And you still have room to explore before graduation.

So, although you found out English classes aren’t really for you (you just like reading poetry, you’re not so into analyzing it), your roommate got you into Mexican literature. So you take a Spanish poetry class; you can’t get enough of Rosario Castellanos. By junior year, this has inspired you to study abroad in Mexico, which enhances your international and cross-cultural knowledge, a must for any business major.


Being undecided right now allows you to keep an open mind and remain agile as you try new things. And you may end up somewhere you never thought you’d be, and find out it’s exactly where you were meant to be all along.

At Rochester, you’ll have the time and flexibility to explore different courses, hobbies, ideas, and interests to find a blend of experiences you’ll enjoy. Our unique, self-directed curriculum and supportive community make it possible for you to design a creative future and effect positive social change.

You’ll be ready for a lifetime of growth, and find yourself adaptable when new opportunities and unexpected circumstances come along.

So if you’re undecided, wear it like a badge of honor. You’re on your way to something truly great.

r options is what to major in.

These days, there seems to be a lot of pressure to pick a major before you’ve even stepped on campus. If you know what you want to pursue, great! But if you don’t, or if you feel torn between two or even five areas, you may feel unsettled or perhaps lagging behind your peers.

But being undecided—or multidecided, as we like to call it—is a powerful thing.

Why tie yourself to a singular course of study before you’ve considered all your options?

If you’ve known since you were three that you wanted to be an engineer, then you’re likely excited to get started on your engineering degree and proud to unofficially declare your engineering major as a first year.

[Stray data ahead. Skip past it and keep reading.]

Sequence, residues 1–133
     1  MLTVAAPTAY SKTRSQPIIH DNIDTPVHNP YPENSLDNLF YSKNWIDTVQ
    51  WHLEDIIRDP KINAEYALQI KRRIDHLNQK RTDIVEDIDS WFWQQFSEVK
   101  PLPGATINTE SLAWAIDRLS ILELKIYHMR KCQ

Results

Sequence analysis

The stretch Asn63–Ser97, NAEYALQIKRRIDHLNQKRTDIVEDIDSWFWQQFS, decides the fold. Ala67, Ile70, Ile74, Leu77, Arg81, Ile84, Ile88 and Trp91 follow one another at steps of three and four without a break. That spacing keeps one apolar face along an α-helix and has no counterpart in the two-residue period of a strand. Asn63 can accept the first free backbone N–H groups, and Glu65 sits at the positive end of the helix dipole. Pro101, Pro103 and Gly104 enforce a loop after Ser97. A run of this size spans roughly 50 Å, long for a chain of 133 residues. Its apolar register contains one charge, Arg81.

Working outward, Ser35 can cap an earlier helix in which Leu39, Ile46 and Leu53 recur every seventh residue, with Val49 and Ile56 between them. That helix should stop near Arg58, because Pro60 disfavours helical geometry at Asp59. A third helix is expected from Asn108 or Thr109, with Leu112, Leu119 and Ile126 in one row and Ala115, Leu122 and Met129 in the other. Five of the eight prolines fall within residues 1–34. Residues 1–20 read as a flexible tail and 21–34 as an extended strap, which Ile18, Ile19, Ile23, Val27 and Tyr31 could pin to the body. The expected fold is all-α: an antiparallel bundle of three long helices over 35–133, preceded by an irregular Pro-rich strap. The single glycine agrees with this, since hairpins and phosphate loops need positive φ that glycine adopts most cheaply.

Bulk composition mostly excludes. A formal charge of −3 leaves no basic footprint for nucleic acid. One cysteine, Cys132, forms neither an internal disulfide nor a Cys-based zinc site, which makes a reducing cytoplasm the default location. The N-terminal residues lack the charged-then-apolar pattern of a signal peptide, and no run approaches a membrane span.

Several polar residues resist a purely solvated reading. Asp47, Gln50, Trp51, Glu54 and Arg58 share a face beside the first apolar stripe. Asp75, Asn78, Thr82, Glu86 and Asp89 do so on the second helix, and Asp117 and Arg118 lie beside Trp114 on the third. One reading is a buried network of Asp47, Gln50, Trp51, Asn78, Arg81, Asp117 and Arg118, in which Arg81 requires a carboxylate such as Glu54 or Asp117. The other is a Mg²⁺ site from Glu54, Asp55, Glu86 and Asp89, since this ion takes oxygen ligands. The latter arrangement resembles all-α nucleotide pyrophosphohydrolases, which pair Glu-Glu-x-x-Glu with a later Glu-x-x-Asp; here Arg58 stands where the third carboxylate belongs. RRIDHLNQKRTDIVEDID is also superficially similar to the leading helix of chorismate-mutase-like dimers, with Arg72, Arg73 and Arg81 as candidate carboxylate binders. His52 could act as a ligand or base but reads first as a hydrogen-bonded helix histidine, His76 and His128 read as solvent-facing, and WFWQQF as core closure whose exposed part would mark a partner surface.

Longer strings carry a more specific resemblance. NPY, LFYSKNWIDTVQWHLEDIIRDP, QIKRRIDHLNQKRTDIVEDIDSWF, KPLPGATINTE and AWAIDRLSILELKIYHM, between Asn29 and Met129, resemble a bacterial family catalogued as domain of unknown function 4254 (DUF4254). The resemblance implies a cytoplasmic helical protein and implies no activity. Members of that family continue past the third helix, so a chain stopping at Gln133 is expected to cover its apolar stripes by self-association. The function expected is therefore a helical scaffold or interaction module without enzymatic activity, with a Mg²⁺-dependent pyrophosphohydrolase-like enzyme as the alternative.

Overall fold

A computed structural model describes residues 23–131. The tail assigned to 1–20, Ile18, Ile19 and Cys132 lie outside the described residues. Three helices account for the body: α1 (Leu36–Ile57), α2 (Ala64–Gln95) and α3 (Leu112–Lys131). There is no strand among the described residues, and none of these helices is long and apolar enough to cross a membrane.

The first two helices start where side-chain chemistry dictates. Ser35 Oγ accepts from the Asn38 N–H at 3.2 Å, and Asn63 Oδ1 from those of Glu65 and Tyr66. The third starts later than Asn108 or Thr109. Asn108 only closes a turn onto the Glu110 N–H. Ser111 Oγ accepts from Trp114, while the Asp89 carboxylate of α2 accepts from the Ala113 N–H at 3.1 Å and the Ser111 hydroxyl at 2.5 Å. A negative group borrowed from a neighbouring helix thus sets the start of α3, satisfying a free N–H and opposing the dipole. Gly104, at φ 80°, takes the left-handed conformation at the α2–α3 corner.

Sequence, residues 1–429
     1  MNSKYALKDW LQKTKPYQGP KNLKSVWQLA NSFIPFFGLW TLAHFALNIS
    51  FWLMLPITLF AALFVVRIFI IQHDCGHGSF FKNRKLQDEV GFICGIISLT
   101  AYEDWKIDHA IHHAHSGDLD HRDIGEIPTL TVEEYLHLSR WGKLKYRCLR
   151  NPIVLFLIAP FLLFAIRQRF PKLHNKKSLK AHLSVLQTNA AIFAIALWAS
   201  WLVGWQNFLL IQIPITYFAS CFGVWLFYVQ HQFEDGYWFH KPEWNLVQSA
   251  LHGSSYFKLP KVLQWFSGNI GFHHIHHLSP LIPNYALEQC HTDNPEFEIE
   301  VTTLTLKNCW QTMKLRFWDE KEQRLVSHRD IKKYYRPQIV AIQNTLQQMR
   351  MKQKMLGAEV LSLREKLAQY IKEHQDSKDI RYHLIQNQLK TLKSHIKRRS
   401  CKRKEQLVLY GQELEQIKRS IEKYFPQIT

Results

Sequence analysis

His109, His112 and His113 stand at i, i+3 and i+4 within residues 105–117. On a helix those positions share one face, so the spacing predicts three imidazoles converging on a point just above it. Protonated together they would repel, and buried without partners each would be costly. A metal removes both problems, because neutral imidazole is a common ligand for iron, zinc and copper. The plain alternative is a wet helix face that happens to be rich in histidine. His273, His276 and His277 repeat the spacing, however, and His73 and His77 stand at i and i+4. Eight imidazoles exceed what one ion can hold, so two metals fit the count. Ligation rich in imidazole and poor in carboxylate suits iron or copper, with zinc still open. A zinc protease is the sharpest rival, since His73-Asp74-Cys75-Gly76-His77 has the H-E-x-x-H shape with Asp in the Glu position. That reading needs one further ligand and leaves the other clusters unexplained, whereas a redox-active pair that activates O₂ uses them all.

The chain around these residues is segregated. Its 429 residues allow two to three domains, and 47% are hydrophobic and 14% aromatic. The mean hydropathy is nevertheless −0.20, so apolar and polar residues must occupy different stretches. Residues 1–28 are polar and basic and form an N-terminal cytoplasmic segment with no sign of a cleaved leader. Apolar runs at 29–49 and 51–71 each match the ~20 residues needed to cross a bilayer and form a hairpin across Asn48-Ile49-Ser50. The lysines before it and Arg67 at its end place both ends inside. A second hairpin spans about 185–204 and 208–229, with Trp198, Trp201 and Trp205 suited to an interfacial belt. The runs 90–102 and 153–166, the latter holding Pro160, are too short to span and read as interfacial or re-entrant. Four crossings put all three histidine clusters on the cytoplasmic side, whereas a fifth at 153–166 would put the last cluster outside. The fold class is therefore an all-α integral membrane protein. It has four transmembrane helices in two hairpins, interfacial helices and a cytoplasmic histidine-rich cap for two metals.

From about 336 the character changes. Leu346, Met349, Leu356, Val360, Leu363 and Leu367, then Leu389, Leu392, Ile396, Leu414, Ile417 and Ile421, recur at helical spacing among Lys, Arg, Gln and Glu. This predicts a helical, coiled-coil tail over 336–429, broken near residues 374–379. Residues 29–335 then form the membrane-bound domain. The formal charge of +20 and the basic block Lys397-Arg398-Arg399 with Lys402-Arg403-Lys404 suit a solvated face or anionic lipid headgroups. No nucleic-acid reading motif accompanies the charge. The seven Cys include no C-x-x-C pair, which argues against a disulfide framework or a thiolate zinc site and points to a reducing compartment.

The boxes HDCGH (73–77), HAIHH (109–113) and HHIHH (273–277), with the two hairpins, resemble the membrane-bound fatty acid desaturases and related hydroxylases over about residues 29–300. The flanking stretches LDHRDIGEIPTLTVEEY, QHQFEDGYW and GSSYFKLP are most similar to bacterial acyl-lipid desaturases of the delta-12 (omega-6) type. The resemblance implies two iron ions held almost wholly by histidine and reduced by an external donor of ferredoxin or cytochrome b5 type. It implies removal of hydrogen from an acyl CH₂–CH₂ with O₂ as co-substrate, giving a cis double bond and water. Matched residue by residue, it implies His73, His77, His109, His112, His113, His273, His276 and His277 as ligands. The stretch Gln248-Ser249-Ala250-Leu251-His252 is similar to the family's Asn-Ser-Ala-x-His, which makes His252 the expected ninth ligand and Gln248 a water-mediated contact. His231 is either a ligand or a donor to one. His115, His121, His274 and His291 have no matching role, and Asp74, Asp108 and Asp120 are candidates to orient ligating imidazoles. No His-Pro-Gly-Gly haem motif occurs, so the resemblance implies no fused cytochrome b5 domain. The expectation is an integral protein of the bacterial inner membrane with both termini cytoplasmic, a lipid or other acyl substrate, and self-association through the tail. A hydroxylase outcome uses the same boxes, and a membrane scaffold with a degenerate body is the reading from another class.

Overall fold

But if you want to get back into ballet, if you excelled in math in high school, enjoy reading poetry on the weekends, and are interested in starting your own small business, you may feel torn about whether to study dance, math, literature, or business.

And you may in fact be that die-hard engineer, but you also have a twinge of regret that you’ll never seriously study the saxophone again. You gave it up years ago to focus on “more important” studies. . . .

At Rochester, you don’t have to sacrifice your varied interests in the pursuit of choosing a single path.

Your first two years of college should be a time for exploration. Investigate what an English major requires. Take a dance class for the heck of it. See whether you prefer statistics or calculus. Learn about career outcomes for business students.

Do your research during your first and sophomore years, so that by the time you have to officially declare a major (or majors) at the end of your sophomore year, you can make an informed decision.

If you’re that engineering student haunted by the saxophone in the back of your closet, look into taking music classes at Eastman. While engineering programs are rigorous, you have plenty of wiggle room at Rochester to pursue other areas and even study abroad.